An improved chemical modification has been developed to enhance the dispersion of layered silicate particles in the formulation of a polymer/silicate nanocomposite material. The modification involves, among other things, the co-exchange of an alkyl ammonium ion and a monoprotonated diamine with interlayer cations of the silicate. The net overall effects of the improved chemical modification are to improve processability of the nanocomposite and maximize the benefits of dispersing the silicate particles into the polymer.
Some background discussion is necessary to give meaning to a description of this development. Polymer/silicate nanocomposites are also denoted polymer/clay composites because the silicate particles in them are typically derived from clay particles. Particles of clay comprise layers of silicate platelets separated by gaps called "galleries." The platelet thickness is 1 nm. The length varies from 30 nm to 1 µm, depending on the silicate. In order to fully realize the benefits of polymer/silicate nanocomposites, it is necessary to ensure that the platelets become dispersed in the polymer matrices. Proper dispersion can impart physical and chemical properties that make nanocomposites attractive for a variety of applications.
In order to achieve nanometer-level dispersion of a layered silicate into a polymer matrix, it is typically necessary to modify the interlayer silicate surfaces by attaching organic functional groups. This modification can be achieved easily by ion exchange between the interlayer metal cations found naturally in the silicate and protonated organic cations — typically protonated amines. Long-chain alkyl ammonium ions are commonly chosen as the ion-exchange materials because they effectively lower the surface energies of the silicates and ease the incorporation of organic monomers or polymers into the silicate galleries. This completes the background discussion.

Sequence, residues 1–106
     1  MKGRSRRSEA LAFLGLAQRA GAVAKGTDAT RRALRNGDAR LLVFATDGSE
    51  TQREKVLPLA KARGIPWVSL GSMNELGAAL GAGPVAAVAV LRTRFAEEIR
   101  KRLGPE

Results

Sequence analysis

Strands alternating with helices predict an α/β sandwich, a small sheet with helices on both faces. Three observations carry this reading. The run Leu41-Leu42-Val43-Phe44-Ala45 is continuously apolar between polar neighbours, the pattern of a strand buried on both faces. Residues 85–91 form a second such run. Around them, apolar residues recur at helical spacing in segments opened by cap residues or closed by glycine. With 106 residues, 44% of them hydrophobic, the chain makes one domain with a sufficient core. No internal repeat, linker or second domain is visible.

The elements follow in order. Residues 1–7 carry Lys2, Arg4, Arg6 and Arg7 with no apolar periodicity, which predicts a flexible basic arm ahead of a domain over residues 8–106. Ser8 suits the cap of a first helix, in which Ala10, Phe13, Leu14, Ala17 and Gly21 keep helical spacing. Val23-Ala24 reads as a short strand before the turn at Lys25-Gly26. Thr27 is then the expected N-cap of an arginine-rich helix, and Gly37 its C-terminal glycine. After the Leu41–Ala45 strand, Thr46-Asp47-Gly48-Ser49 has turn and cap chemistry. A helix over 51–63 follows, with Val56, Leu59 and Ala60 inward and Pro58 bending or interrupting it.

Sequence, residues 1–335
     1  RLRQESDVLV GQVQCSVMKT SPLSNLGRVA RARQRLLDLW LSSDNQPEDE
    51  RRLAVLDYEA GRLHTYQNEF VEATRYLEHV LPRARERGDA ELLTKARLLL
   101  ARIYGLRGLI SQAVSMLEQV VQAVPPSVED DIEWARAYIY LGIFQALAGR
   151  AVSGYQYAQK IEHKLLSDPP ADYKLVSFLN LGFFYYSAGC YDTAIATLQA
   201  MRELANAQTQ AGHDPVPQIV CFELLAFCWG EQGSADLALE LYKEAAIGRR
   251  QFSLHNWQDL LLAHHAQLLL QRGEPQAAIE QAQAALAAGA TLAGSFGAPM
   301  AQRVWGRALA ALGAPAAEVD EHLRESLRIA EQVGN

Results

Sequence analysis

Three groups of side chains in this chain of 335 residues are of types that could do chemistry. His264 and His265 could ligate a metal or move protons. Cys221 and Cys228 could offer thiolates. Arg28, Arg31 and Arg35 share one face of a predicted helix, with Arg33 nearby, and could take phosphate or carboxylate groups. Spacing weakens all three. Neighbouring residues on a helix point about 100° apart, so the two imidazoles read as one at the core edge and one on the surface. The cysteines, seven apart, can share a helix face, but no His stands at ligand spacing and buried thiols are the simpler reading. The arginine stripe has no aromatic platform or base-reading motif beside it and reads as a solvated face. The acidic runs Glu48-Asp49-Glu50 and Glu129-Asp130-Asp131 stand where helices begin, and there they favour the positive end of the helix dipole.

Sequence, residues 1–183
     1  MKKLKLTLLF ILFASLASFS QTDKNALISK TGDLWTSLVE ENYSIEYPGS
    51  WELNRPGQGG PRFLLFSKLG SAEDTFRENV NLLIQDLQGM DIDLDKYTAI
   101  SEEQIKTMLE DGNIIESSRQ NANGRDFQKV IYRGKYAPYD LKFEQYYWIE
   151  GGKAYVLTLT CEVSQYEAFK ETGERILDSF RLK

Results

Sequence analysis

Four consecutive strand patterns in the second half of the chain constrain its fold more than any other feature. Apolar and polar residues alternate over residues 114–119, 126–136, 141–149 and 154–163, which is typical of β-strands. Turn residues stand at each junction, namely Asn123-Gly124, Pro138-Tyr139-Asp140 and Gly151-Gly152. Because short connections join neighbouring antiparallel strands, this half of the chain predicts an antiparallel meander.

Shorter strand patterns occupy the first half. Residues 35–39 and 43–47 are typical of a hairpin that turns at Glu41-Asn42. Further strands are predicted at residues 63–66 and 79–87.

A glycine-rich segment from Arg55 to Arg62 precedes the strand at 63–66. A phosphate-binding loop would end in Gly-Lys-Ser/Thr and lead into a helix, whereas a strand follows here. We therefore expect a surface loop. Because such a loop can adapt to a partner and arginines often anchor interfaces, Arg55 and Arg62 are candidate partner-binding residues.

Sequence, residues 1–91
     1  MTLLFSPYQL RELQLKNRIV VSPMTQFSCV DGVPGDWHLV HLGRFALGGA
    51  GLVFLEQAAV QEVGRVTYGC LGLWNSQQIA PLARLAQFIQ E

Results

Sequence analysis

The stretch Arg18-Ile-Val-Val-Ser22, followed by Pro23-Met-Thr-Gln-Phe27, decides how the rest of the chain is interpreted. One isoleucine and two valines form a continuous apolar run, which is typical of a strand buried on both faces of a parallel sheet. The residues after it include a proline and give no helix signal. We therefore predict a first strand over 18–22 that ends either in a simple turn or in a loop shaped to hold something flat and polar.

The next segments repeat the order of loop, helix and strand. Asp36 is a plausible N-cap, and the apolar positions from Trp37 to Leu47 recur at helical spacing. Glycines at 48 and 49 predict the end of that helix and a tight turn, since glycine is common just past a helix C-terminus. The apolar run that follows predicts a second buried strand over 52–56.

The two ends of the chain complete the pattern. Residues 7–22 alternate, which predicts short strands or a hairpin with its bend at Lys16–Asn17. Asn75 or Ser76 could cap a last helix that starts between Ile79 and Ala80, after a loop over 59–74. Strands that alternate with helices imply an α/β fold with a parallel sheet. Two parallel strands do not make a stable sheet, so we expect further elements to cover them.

In the present improved modification of the interlayer silicate surfaces, the coion exchange strengthens the polymer/ silicate interface and ensures irreversible separation of the silicate layers. One way in which it does this is to essentially tether one amine of each diamine molecule to a silicate surface, leaving the second amine free for reaction with monomers during the synthesis of a polymer. In addition, the incorporation of alkyl ammonium ions into the galleries at low concentration helps to keep low the melt viscosity of the oligomer formed during synthesis of the polymer and associated processing — a consideration that is particularly important in the case of a highly cross-linked, thermosetting polymer. Because of the chemical bonding between the surface modifying amines and the monomers, even when the alkyl ammonium ions become degraded at high processing temperature, the silicate layers do not aggregate and, hence, nanometer-level dispersion is maintained.
This work was done by Sandi Campbell of Glenn Research Center. For further information, access the Technical Support Package (TSP) free on-line at www.techbriefs.com/tspunder the Materials category.
Inquiries concerning rights for the commercial use of this invention should be addressed to NASA Glenn Research Center, Commercial Technology Office, Attn: Steve Fedor, Mail Stop 4–8, 21000 Brookpark Road, Cleveland, Ohio 44135. Refer to LEW-17339.